Toxic Effects of Engineered Nanoparticles on Living Cells

Toxic Effects of Engineered Nanoparticles on Living Cells

Manel Bouloudenine (Mohamed Chérif Messaâdia University, Algeria & LEREC Laboratory, Badji Mokhtar University, Algeria) and Mohamed Bououdina (University of Bahrain, Bahrain)
Copyright: © 2016 |Pages: 34
DOI: 10.4018/978-1-4666-9811-6.ch002
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Abstract

Measuring toxic effects of engineered nanoparticles on living cells would require a deep understanding of themselves by the mean of their composition, physical and chemical properties and exposure concentrations. Actually, high exposure concentrations are needed to generate quantifiable effects and to perceive accumulation above background. This chapter presents an overview on the assessment about the toxic effects of engineered nanoparticles on living cells. It consists of three main sections starting with a brief introduction, the current state of engineered nanoparticles in the environment, physical and chemical properties of some important engineered nanoparticles such as “Ag, Au, ZnO, TiO2” and the target organ toxicity of the engineered nanoparticles in several biological organisms.
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Introduction

Because of their small-scale technology which means in scientific terms, 'Nano' where one nanometer is equivalent to one billionth of a meter, the nanoparticles (NPs) have the ability to interpose at a cellular level of living organs. They easily enter into the living cells, which may cause hostile effects on the environment and human health at their entry. Meanwhile, the potential development of nanotechnologies is expected to become new source of human or environmental risks through inhalation, ingestion, skin applications, or injection of engineered nanoparticles in factories, drugs or the use of customer foodstuffs.

In order to improve a natural development, new technologies always need an ecological balance between the benefit and risk. Understanding the toxic effects of nanoparticles on the environment is the biggest obstacle to the safe development of nanotechnology. A major challenge in understanding the environmental implications of nanotechnology lies in studying nanoparticles acceptance in organisms at environmentally truthful exposure concentrations.

Nevertheless, little is known about how NPs affect human health and the environment. This chapter provides recent information on harmful effects of NPs particularly including their toxicity on living cells.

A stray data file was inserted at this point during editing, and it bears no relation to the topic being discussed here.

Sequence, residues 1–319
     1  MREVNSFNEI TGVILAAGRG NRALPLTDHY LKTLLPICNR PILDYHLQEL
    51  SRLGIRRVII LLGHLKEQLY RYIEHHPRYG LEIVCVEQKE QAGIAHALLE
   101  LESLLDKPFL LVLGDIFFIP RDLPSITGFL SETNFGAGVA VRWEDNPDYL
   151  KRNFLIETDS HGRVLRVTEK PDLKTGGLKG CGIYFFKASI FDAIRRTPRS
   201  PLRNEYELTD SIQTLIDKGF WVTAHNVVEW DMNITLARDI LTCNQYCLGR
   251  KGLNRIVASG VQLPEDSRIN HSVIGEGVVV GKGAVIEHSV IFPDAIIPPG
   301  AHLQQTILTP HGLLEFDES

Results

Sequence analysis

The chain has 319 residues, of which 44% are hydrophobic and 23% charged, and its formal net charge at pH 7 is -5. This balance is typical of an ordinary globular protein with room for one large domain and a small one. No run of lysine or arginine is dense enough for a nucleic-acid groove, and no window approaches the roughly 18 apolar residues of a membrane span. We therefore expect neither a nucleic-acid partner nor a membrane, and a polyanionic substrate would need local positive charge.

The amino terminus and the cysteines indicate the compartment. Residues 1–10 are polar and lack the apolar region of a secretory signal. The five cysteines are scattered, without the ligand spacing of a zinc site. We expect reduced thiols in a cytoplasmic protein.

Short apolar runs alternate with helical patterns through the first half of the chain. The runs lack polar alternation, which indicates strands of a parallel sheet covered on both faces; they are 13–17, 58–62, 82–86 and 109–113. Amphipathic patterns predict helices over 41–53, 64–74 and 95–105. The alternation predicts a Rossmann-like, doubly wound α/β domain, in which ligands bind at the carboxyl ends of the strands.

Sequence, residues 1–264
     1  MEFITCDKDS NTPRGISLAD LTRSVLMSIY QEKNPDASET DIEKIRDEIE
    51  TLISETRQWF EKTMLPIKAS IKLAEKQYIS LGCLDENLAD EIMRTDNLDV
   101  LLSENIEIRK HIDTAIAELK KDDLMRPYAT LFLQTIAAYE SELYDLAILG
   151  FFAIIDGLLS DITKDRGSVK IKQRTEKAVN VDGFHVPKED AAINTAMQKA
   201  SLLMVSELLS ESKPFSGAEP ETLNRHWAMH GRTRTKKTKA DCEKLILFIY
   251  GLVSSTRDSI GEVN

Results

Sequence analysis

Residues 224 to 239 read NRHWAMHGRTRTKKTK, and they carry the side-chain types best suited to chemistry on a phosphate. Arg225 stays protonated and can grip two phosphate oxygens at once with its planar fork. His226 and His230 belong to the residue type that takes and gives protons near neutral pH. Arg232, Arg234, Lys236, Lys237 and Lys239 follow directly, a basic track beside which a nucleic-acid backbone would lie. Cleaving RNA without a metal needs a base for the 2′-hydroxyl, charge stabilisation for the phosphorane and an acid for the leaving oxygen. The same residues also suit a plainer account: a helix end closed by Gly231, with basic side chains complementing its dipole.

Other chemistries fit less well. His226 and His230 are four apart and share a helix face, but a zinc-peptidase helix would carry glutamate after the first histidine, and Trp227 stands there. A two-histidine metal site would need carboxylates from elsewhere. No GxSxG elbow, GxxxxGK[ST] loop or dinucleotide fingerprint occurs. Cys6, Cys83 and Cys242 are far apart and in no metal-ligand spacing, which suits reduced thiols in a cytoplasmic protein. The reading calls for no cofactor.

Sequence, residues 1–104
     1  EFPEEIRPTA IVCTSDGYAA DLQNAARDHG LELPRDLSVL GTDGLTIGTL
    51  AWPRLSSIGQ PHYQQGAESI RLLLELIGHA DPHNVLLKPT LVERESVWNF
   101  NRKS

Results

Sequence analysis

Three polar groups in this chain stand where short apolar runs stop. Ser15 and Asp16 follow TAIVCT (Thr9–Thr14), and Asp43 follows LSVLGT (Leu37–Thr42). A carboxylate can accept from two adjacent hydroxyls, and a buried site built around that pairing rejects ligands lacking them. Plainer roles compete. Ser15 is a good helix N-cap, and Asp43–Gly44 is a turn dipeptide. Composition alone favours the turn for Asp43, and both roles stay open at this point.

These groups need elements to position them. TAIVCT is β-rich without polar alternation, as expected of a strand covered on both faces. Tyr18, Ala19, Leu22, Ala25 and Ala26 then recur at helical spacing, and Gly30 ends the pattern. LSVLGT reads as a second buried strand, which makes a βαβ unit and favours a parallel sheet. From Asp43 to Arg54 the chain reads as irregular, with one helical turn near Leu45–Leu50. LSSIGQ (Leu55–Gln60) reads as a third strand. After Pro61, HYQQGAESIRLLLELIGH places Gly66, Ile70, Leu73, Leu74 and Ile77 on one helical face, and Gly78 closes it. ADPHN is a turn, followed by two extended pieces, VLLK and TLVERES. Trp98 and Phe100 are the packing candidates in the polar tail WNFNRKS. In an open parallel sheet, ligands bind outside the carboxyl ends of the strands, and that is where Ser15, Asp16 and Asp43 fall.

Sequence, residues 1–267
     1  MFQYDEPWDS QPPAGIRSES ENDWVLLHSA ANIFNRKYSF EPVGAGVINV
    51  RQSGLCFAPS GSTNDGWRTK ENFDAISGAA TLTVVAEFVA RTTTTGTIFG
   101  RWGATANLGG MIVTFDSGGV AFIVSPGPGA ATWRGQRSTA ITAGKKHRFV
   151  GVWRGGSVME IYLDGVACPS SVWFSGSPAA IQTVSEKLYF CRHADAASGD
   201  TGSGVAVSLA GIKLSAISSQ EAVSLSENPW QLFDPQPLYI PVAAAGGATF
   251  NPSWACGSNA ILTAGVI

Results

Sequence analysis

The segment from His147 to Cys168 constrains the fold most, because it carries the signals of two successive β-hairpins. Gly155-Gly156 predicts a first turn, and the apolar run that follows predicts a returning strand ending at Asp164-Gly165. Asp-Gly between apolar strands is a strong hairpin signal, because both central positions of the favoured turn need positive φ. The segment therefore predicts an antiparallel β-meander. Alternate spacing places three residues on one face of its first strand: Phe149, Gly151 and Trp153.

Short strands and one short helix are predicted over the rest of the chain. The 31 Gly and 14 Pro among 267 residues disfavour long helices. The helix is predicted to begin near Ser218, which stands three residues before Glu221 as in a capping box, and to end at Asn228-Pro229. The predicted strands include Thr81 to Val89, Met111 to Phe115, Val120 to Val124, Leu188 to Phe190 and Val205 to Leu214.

The objectives of this chapter are to:

  • 1.

    Investigate the current state of engineered nanoparticles in the environment.

  • 2.

    Provide recent information about the main properties of some innovated nanoparticles.

  • 3.

    Estimate whether this data are sufficient to facilitate their comprehensive and effective influence on living cells and human health.

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Background

During the last decade, the use of NPs has successfully increased in several areas such as drug delivery systems (Jin & Ye, 2007; Brannon-Peppas & Blanchette; 2012) food technology (Chaudhry et al., 2008; Tapia-Hernández et al., 2015), photovoltaic devices (Stratakis & Kymakis, 2013; Huang, De Valle, Kana Kana, Simmons-Potter, & Potter Jr, 2015), modern chemistry (Hosseinimotlagh, 2014), biomedicine (Pankhurst, Connolly, Jones, & Dobson, 2003; Canfarotta & Piletsky, 2014; Cabuzu, Cirja, Puiu, & Grumezescu, 2015) and cosmetics (Perugini et al., 2002; Wiechers & Musee, 2010; Bolzinger, Briançon, & Chevalier, 2011; Kathawala, Ng, & Joachim Loo, 2015).

However there is a crucial necessity to verify their harmlessn ss relative to human health and the environment. This important issue was raised in the last few years when many International Organizations (Asia Pacific Nanotechnology Forum, 2005), governmental bodies within the European Union (European commission, 2004), United States Institutions (IEEE, 2004; US National Institute of Environmental Health Sciences, 2004), learned institutions and societies (Institute of Nanotechnology, 2005; Australian Academy of Sciences, 2005; UK Royal Society & Royal Academy of Engineering, 2004) and scientists (G.Oberdörster, E. Oberdörster, & J. Oberdörster, 2005; Donaldson & Stone, 2003) reported several assessments on the current state of nanotechnology, and most attracted attention to this requirement for an exhaustive risk investigation. Nevertheless, the influence of these nanomaterials (NMs) on human and environmental health remained unclear (Maynard, 2006; Nel, 2006; Helmus, 2007).

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